Studies were carried out in normal human subjects to determine the effect of two narcotic antagonists, oxilorphan and butorphanol, on antidiuretic hormone (ADH) release. Oxilorphan given to eight subjects on ad libitum fluid intake resulted in a transient but significant increase in 24-h free water clearance and a decrease in urine osmolality. These changes were not accompanied by an increase in creatinine or solute excretion, and urinary ADH levels did not rise even though plasma osmolality rose significantly from 289.4 ± 0.9 to 292.9 ± 0.8 mosmol/kg. Treatment with oxilorphan did not interfere with the response to ADH infusion in water-loaded subjects. Both oxilorphan and butorphanol significantly elevated the plasma osmolality at which ADH release became evident after the infusion of hypertonic saline in water-loaded subjects. Oxilorphan suppressed urinary ADH excretion at the time of the osmotic threshold for ADH release in spite of the greater plasma osmolality. The data indicate that the narcotic antagonists are capable of inhibiting ADH release in man during ad libitum fluid intake and in response to an osmotic stimulus by elevating the osmotic threshold for ADH release. It is concluded that narcotic antagonist inhibition of endogenous opioid action provides further evidence supporting a role for the brain opiates in the normal regulation of neurohypophysial hormone release in man.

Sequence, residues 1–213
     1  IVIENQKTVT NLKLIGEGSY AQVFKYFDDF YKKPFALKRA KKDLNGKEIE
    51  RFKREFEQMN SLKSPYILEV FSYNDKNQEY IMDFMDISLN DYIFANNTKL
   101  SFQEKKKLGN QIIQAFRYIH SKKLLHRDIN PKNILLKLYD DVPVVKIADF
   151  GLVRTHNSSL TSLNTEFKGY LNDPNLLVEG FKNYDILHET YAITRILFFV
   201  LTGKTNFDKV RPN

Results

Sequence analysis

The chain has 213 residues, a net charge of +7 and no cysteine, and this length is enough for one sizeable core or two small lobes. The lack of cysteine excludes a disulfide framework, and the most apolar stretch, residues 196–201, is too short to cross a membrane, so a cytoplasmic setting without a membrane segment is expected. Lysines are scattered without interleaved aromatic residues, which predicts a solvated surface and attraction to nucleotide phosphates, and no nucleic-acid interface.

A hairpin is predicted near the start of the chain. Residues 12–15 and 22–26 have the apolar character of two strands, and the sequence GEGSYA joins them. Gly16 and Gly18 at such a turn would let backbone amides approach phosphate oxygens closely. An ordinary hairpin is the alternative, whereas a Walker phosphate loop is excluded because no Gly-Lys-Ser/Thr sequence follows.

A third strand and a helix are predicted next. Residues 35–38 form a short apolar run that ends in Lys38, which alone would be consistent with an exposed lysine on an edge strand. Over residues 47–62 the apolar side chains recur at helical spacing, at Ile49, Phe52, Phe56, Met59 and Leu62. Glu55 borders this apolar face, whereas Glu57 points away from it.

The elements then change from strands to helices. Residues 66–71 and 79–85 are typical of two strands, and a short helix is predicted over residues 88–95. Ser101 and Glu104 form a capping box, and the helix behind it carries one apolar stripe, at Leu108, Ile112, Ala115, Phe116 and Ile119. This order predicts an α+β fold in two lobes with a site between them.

ASJC Scopus subject areas
- Endocrinology, Diabetes and Metabolism
- Clinical Biochemistry
- Biochemistry, medical